In Estep v. Boehringer Ingelheim Pharmaceuticals, Inc., No. X03 HHD CV17-6075319S, 2020 WL 5290777 (Conn. Sup. Ct. Aug. 25, 2020), the same court that decided Roberto considered a follow-up GERD case, which had an “expanded record” on the newly acquired information issue that had allowed the Roberto plaintiff to escape preemption. Id. at *7. The Estep Plaintiff likewise claimed the new information on the GERD issue was a European label and a 2013-2014 medical journal article. The court again found that these items showed reasonable evidence of different or greater risks not stated in the U.S. label. Id. at *8. But that left the issue of “newness.” The definition of “newly acquired information” uses phrases like “not previously submitted to the Agency” and “previously included in submissions to the FDA.” 21 C.F.R. §314.3(b). Defendant argued that it had submitted data to the FDA that were equivalent to what plaintiff cited in the European label and the journal article—specifically, it relied on reports of bleeding in GERD patients. Id. at *9.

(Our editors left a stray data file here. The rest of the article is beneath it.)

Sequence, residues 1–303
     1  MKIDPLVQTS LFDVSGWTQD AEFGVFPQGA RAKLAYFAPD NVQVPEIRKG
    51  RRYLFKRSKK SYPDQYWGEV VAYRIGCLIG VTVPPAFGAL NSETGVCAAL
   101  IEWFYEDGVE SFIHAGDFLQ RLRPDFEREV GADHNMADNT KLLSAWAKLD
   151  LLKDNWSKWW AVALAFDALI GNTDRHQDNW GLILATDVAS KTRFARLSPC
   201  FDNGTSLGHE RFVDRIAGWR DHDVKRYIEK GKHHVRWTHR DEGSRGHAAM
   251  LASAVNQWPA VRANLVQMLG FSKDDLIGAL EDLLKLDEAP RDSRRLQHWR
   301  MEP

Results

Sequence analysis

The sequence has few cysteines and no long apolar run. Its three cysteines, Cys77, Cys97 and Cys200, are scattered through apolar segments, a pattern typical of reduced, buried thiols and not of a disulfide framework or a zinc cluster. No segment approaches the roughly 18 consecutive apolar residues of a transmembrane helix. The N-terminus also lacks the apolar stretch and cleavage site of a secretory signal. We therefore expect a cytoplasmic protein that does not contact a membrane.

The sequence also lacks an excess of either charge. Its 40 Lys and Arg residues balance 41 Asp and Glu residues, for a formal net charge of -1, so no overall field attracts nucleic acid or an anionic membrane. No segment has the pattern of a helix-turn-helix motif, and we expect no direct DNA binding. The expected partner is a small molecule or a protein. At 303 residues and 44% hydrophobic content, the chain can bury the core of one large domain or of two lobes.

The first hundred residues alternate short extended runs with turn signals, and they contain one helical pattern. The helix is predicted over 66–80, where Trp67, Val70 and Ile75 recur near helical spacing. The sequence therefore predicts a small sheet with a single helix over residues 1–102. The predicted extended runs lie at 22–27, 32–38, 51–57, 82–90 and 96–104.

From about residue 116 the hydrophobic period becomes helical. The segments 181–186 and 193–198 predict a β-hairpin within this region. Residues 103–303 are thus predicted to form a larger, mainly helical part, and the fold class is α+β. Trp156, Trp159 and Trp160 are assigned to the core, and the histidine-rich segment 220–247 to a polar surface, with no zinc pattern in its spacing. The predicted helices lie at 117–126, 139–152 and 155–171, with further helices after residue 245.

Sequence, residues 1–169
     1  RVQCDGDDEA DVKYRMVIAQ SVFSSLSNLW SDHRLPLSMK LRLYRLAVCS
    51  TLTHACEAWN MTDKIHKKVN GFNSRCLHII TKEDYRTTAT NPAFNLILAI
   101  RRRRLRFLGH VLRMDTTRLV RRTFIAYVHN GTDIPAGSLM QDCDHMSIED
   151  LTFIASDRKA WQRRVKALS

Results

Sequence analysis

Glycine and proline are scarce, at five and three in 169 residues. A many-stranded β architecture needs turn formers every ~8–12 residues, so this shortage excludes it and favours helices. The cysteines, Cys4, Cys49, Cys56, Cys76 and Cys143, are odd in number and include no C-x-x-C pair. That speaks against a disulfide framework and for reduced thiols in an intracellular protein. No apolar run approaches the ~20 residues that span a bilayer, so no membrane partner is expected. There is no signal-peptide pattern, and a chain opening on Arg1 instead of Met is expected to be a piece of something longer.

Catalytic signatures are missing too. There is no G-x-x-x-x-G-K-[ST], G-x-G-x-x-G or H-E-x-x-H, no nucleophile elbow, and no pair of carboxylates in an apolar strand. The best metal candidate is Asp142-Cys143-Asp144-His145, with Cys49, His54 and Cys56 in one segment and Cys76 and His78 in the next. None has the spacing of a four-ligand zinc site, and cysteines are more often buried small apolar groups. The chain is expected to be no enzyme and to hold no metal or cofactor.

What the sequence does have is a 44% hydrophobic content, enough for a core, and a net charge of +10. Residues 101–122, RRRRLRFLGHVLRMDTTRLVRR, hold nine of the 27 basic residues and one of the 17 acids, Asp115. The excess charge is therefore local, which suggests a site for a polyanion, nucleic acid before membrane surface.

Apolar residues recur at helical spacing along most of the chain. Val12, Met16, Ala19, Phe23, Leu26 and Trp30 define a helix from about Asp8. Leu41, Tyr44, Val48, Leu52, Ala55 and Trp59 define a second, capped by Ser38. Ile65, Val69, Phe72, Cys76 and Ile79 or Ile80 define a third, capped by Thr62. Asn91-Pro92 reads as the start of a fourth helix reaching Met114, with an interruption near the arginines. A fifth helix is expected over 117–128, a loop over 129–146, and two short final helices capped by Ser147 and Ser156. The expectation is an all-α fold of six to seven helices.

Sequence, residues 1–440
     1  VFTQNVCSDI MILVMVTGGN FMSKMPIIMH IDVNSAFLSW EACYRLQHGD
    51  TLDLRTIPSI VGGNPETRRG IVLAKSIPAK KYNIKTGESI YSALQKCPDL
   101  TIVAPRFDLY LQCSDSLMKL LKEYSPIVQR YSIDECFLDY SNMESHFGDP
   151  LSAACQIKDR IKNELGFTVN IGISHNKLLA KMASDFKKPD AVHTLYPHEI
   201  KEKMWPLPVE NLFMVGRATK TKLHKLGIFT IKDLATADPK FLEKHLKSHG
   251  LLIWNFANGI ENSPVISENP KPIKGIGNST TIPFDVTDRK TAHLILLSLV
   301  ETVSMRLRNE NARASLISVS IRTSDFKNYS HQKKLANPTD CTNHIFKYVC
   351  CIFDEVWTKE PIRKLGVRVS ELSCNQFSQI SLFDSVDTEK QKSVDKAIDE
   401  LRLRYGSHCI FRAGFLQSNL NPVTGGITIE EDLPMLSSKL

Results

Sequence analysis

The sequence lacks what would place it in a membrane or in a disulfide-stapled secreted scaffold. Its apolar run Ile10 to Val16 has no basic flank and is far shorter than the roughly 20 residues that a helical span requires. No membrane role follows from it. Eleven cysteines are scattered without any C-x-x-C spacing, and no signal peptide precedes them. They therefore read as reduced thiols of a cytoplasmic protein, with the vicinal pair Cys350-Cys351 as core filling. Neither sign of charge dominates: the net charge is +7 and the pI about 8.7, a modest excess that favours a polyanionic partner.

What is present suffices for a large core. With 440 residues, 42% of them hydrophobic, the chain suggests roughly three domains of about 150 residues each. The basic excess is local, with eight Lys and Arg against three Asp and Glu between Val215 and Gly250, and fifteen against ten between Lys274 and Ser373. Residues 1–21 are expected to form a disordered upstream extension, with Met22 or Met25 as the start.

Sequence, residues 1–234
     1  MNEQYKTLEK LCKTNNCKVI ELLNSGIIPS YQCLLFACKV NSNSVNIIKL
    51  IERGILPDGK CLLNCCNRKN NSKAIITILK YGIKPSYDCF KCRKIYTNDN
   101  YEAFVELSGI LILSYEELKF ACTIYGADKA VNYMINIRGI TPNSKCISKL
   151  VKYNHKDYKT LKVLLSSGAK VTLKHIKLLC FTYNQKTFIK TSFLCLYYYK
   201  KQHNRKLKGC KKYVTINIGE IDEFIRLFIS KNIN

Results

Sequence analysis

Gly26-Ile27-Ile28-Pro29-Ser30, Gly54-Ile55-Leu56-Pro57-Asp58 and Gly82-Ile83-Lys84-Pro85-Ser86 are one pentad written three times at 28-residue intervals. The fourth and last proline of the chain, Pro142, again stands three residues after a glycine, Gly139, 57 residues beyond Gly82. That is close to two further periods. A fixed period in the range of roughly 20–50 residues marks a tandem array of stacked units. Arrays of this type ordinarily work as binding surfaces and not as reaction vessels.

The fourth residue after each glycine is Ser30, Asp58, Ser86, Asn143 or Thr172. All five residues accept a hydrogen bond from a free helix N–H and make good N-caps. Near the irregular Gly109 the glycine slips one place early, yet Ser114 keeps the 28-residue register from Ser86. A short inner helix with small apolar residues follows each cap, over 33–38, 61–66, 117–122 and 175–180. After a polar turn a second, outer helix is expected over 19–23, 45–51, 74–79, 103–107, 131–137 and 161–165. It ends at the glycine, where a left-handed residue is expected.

Plaintiff in Estep argued that the information submitted to the FDA had to be “tethered to a proposed label change” in order to qualify as “previously submitted” to the agency. Id. That novel argument was to no avail. The Court found that a straightforward application of the rules of statutory construction supported the defendant’s position. It then looked closely at the information submitted to the agency to determine whether it was “equivalent to the claimed newly acquired information.” Id. at *9. The defendant pointed to several reports submitted to the FDA prior to the original approval in October 2010 that showed gastritis-like symptoms, defined to include GERD, were associated with an increased risk of GI bleed. Id. at *13. The court then cited almost an entire page of tables and charts linking bleeding risks in gastritis-like symptoms, which had been submitted. Id. In addition, in the “expanded record” defendant showed that it had submitted the very European label relied upon by plaintiffs to the FDA in September 2012, after approval but before a December 2013 label change and before plaintiff’s bleed in February 2015. Id.